With hedge funds generating a growing share of trading volumes in many fixed-income products – and a majority of the volume in several especially lucrative products – global and European investment banks are concentrating their efforts on these increasingly profitable customers.
Or so suggests a new study of fixed income investors in Europe prepared by Greenwich Associates. The 2006 European Fixed-Income Investors Study suggest that, as Europe’s fixed-income dealers devote more resources and attention to hedge fund clients, traditional long-only fund managers risk losing out on research, liquidity and other valuable sell-side services.
Greenwich says many of the institutions participating in its 2006 research expressed uneasiness about what they perceive to be a troubling situation. European institutions are under considerable pressure to generate robust investment returns to keep pace with mounting pension liabilities or other business demands.
However, mark-to-market accounting rules and other regulatory issues are providing new incentives for institutions to maintain relatively high allocations to fixed income, as opposed to higher yielding but more volatile equities. At the same time, the flat yield curve and the relatively low interest-rate environment have made it tough to make money in fixed income.
As a result of these pressures, institutions are being prompted to move into structured fixed-income products, high yield, emerging markets or other asset classes that promise greater returns, and of course, greater risks.
In particular, the institutions interviewed by Greenwich Associates this year voiced concerns about credit risk, the potential for credit defaults and the delivery, settlement and other risks associated with the booming credit derivatives business.
“When and if their concerns about risk are borne out, investors will be relying on the strength of their dealer relationships for the liquidity, coverage and support needed to withstand a downturn,” says Greenwich Associates consultant Frank Feenstra. “Unfortunately, it is precisely these sell-side resources that are becoming more difficult for some traditional long-only fund managers to secure as hedge funds expand their reach.”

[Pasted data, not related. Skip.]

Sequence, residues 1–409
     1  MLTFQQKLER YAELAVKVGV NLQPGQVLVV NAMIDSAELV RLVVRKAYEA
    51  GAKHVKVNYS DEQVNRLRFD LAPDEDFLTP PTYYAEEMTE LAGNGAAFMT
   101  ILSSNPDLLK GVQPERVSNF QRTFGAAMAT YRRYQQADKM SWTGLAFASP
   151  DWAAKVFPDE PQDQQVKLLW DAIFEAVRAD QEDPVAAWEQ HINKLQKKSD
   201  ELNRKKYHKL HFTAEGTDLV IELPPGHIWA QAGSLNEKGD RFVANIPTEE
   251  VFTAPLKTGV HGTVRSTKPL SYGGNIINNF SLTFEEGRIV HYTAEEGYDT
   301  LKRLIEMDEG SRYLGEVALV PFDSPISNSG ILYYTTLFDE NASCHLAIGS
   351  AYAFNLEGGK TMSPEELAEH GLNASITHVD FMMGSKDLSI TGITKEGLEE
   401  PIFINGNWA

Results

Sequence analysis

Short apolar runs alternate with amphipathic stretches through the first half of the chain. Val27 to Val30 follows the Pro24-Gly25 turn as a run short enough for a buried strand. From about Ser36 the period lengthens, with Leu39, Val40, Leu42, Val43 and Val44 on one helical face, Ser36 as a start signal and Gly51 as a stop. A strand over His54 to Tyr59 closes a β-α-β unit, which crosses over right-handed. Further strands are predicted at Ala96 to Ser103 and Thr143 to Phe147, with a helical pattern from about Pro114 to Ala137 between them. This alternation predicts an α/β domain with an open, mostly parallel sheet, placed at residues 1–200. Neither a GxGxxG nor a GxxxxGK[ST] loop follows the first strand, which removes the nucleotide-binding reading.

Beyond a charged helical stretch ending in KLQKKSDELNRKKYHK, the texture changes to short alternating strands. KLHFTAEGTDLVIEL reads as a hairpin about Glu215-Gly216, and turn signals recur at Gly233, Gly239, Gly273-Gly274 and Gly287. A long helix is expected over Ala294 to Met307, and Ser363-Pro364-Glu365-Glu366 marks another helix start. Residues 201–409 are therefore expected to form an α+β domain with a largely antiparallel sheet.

Although hedge funds are not quite the powerful force in Europe that they have become in the United States, they nevertheless represent a significant presence in European fixed-income markets. Hedge fund trading volume in cash bonds and derivatives more than doubled from 2005 to 2006.
While fixed-income dealers would gladly lavish attention on hedge funds on the basis of sheer trading volume alone, there is another reason that hedge funds are so appealing to the sell-side: they are less price sensitive than fund managers, many of which feel a fiduciary responsibility to rigorously enforce best execution rules.
“Despite some suggestions, regulators must ensure that they do not draw too narrowly the definition of what constitutes best execution in fixed income,” says Greenwich Associates consultant Peter D’Amario. “In light of this ambiguity, we advise European institutions not to hamstring themselves by adopting and enforcing an overly narrow definition of best execution. In fixed income and equities as well, best execution encompasses much more than price.”
Overall European fixed-income trading volume – including cash bonds and derivatives – increased approximately 8% from 2005 to 2006. Almost all of last year’s growth can be attributed to dramatic increases in trading volume in credit derivatives and a 40% jump in agency security trading volumes. “Credit derivatives trading volume among European institutions nearly doubled from 2005 to 2006,” says Greenwich Associates consultant Giovanni Carriere. “At the same time, trading volumes in cash credit bonds were essentially flat.”
Among all European institutions, the proportion telling Greenwich Associates that they trade bonds electronically increased from 39% in 2005 to 44% in 2006. Another 8% say they are “considering” the e-trading option, while 48% say they do not plan to trade bonds electronically at any point. “Among institutions with more than $50 billion in annual fixed-income trading volume, the share using e-trading systems jumped from 62% in 2005 to 84% in 2006,” says Greenwich Associates consultant Woody Canaday.